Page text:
Tydskrif vir Letterkunde
On-line version ISSN 2309-9070
WYNCHANK, Anny. Perception of the relationship France-Africa by André Gide and Camara Laye. Tydskr. letterkd. [online]. 2009, vol.46, n.1, pp. 179-191. ISSN 2309-9070.
André Gide, the French traveller, went to Congo and Chad in 1925, on an official mission. He noted his impressions in his journal, published later under two titles: Voyage au Congo (Voyage to the Congo) and Retour du Tchad (Return from Chad). He expressed delight at the flora and fauna but presented the Africans as primitive beings, without spiritual or cultural values. His travels turned into a humanitarian quest when he witnessed the treatment inflicted on the natives by employees of the monopolistic rubber companies. The dilettante and aesthete Gide became a man committed to a struggle to improve the life of Africans in these regions. The publication of his books, and of articles describing the situations, had important positive consequences. Thirty years after Gide, a Guinean writer, Camara Laye dismantled the clichés attached to these supposedly "primitive barbarians". He offers another picture of the Africans and of Africa in his novel, le Regard du Roi (The Radiance of the King, 1954). The hero is a troubled Frenchman travelling in Africa. Camara inverted the roles traditionally attributed to Europe and Africa. The crossing of various regions is presented as initiatory tests which bring about the hero's palingenesis. Camara shows that a spiritual Africa brought peace and salvation to the Frenchman. The article will contrast these perceptions.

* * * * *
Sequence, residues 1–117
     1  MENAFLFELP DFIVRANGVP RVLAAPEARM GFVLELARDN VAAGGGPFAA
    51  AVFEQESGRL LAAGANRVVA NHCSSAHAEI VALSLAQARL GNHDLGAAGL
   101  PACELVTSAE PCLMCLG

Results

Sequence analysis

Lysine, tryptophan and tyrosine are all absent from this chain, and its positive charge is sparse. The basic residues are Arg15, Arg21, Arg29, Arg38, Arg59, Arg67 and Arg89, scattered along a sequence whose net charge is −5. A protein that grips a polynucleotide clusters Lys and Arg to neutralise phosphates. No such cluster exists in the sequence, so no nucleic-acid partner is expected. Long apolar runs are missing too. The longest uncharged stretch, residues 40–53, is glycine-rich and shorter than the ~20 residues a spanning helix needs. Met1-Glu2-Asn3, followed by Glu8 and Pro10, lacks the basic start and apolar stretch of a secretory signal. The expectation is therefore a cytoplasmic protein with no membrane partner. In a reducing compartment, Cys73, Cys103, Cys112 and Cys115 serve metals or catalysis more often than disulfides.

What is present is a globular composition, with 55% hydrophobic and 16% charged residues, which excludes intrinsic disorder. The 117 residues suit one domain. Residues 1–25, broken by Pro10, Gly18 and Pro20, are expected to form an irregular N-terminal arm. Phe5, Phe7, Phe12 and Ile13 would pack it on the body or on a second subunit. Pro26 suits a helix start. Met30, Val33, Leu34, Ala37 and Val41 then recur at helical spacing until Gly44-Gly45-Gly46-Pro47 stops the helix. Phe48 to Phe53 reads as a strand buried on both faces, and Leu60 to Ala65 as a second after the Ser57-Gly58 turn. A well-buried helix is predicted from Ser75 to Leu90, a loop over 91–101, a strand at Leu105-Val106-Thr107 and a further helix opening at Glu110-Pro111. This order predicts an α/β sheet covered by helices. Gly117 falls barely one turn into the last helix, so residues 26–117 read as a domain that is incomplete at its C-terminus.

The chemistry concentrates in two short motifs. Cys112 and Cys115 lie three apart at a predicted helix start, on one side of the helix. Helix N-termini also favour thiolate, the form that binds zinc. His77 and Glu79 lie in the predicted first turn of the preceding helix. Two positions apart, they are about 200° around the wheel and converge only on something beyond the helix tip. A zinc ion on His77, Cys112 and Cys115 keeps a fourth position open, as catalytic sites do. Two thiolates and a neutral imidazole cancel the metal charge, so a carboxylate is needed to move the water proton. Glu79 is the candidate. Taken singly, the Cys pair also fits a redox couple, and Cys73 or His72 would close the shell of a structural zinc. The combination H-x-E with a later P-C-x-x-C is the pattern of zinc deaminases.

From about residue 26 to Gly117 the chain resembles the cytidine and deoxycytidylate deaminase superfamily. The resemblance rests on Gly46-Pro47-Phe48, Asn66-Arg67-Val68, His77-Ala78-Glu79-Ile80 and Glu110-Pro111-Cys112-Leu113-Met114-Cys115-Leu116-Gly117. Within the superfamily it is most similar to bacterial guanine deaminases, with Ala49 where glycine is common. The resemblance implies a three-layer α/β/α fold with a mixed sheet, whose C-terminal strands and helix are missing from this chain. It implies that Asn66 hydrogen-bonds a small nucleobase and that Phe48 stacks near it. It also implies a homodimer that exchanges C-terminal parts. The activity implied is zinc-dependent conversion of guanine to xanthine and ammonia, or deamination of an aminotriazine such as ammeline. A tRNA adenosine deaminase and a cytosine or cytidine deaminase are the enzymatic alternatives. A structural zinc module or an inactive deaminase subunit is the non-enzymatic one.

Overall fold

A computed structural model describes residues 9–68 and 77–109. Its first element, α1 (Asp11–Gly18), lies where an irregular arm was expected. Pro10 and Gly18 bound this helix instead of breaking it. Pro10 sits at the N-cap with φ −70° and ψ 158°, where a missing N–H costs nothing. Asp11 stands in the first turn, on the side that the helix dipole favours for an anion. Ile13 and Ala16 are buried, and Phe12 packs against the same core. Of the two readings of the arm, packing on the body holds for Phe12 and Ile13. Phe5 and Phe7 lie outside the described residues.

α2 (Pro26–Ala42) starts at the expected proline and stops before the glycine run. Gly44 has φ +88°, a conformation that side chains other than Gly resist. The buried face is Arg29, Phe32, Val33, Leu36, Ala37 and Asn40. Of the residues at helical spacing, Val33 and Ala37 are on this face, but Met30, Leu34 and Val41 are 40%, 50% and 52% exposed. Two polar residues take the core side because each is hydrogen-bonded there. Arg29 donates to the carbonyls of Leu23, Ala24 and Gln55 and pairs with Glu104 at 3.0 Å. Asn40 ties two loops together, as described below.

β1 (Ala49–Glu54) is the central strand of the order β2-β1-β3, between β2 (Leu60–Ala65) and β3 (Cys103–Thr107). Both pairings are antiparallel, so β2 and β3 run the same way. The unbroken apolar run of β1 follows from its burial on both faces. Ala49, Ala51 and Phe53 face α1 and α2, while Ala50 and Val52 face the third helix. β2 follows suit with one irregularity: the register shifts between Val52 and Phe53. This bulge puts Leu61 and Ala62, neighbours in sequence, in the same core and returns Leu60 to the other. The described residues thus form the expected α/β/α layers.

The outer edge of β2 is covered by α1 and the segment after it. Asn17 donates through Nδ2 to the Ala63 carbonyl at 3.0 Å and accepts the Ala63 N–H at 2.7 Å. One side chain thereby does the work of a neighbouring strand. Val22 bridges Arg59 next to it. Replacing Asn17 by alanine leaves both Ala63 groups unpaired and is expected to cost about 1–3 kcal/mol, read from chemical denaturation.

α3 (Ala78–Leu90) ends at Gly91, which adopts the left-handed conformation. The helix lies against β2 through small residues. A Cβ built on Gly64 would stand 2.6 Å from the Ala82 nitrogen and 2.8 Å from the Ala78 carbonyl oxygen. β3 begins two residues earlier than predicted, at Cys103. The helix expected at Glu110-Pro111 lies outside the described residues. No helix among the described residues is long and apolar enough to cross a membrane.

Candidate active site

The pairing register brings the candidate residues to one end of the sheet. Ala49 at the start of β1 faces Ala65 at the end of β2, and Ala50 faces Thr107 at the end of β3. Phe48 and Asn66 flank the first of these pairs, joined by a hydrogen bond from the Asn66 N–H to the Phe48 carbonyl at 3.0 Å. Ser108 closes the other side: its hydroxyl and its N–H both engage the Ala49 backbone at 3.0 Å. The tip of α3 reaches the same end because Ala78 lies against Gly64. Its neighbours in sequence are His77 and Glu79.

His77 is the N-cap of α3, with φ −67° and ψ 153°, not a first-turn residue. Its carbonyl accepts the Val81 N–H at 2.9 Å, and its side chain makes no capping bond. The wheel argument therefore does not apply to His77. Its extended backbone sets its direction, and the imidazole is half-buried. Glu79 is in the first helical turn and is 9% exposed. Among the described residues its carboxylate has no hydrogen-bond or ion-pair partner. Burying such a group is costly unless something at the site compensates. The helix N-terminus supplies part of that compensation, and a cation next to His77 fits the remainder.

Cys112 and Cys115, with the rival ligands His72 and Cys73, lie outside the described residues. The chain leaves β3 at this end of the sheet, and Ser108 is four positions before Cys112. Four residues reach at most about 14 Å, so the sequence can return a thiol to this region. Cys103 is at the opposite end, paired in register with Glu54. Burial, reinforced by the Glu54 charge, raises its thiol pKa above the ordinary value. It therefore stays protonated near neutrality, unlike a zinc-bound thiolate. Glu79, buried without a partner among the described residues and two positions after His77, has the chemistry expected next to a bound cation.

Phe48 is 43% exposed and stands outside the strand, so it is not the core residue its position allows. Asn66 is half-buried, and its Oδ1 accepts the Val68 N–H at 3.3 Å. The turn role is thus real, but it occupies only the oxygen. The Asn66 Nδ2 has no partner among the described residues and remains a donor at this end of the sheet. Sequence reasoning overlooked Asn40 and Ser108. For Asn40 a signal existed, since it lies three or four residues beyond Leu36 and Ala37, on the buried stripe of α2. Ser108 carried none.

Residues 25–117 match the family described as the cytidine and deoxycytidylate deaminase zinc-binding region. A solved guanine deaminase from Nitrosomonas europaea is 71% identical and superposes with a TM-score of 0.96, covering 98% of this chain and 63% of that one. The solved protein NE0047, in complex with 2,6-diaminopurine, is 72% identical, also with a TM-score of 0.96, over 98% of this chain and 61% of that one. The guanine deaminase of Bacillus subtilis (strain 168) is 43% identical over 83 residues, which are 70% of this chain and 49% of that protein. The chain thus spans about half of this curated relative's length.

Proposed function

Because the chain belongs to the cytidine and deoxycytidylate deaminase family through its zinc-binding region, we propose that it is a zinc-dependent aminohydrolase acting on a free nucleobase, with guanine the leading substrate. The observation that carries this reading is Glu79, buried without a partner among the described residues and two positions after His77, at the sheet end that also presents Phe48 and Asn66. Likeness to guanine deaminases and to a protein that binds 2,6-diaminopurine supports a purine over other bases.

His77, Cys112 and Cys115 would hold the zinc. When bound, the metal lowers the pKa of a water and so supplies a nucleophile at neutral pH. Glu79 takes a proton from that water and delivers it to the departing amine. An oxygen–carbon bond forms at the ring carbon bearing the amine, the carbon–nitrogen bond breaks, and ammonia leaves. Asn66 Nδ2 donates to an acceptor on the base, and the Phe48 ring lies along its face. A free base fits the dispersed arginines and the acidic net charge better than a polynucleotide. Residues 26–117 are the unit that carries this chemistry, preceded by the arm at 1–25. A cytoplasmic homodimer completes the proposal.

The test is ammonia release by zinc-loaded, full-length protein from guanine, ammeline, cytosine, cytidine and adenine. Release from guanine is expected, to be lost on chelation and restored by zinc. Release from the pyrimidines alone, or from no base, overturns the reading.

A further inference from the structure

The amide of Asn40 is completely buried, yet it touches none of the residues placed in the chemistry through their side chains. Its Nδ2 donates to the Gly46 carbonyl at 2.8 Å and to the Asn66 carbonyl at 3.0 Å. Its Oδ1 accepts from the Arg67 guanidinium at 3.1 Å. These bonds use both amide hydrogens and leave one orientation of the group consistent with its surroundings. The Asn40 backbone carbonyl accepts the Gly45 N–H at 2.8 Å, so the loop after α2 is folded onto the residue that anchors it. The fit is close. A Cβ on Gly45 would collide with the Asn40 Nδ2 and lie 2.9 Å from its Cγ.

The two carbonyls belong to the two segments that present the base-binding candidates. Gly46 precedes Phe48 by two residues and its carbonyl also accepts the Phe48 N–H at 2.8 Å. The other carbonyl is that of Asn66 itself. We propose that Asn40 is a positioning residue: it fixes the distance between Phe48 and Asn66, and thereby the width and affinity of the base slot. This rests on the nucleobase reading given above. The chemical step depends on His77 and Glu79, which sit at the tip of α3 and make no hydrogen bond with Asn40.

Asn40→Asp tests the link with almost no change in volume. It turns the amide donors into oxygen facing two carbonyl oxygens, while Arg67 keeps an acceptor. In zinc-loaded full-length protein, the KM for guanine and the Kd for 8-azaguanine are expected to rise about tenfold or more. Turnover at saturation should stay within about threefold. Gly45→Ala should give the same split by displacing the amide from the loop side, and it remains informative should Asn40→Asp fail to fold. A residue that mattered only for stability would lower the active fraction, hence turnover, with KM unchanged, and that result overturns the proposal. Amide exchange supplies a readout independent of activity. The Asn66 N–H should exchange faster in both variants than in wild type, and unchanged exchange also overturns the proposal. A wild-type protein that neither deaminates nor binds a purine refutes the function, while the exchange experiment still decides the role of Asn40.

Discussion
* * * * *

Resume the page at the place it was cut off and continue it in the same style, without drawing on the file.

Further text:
Keywords : André Gide; Voyage au Congo (Voyage to the Congo); Retour du Tchad (Return from Chad); Camara Laye; le Regard du Roi (The Radiance of the King); initiatory voyage.